The internationalisation of higher education institutions is due to the identified shortage of experts in Finland, as well as the decrease in the number of working-age people and the weakening of the dependency ratio. In accordance with the objectives of the Ministry of Education and Culture, higher education institutions must triple the number of foreign students by 2030. The number of TAMK international degree students has grown steadily over the past five years from 450 to 750 students. As the coronavirus restrictions have eased, paid education groups have also arrived in Tampere from Kenya, the Philippines, and now in January 2023, from India.
Go to exchange!
One good way to create networks and internationalise is to complete studies or teach abroad. It is however worrying that student exchanges at universities of applied sciences have not returned to the pre-corona level in the same way as in universities. The downward trend in exchange studies has been steep in universities of applied sciences even before the coronavirus (Read more in Finnish). Finnish students must therefore be actively encouraged to study abroad and to take advantage of the Erasmus program.
The number of changes in teaching staff has also remained fairly moderate even before the coronavirus, and in my experience, those who travel are often the same teachers as in previous years. Although the resources used for mobility are smaller than before, there are still opportunities under Erasmus programs. There is an opportunity for 50 Erasmus staff exchanges, and many parties also grant travel grants for staff mobility. Online virtual exchanges are also possible. The design and implementation of courses enlarge our networks and create multicultural capital, and students or teachers do not have to travel. Virtual exchanges are particularly interesting, for example, for adults with families, who may find it difficult to travel. We need to work on more virtual mobility!
English as genuine working language!
However, international experts will not stay in Pirkanmaa or Tampere if the region, workplaces, and higher education institutions do not internationalise themselves. When discussing with colleagues, it still seems that UAS organisations are still working in Finnish, exceptions being the international degree programs and RDI. If we want our international experts and students to be genuinely included in the higher education community, we must adopt not only Finnish but also English as the everyday working language. In addition, employers in Pirkanmaa must have the courage to admit TAMK English-speaking students as trainees.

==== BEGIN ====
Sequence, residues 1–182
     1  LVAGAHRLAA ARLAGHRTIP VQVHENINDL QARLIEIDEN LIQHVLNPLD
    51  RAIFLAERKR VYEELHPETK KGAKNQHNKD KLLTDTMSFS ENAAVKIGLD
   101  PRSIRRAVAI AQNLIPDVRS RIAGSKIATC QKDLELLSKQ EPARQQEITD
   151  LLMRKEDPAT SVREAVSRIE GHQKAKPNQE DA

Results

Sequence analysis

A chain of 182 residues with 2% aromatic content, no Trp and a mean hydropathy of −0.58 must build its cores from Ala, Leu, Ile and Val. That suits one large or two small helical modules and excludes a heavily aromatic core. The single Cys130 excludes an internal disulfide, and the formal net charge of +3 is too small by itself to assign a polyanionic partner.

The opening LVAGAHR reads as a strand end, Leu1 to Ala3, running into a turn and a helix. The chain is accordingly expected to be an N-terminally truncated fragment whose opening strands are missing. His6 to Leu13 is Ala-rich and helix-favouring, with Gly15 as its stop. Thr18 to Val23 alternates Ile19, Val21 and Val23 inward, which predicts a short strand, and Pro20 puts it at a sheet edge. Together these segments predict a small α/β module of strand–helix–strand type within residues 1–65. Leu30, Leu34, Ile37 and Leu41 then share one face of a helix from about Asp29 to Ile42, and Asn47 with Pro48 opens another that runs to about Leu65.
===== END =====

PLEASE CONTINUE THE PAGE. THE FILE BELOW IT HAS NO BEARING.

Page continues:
The key to internationalisation is lies in individual’s own language skills and cultural awareness, as well as motivation. To produce future experts for working life, each of us must step outside our little comfort zone. Networking with colleagues in one’s own field helps to achieve new openings and smooth joint activities. Getting to know international colleagues broadens our thinking and promotes curiosity, which is needed in the multicultural working life of the future. I truly believe, that we have something to genuinely give each other. It is perhaps good to see that the Finnish or Northern European straightforward way of working is not the only (right) way to act and achieve results. On the other hand, Finnish student-centred pedagogy, for example, brings new things to the education of many countries. An internationalising university of applied sciences is an inevitable fact. How are you going to get involved?
Text: Nina Jallinoja
Photograph: Saara Lehtonen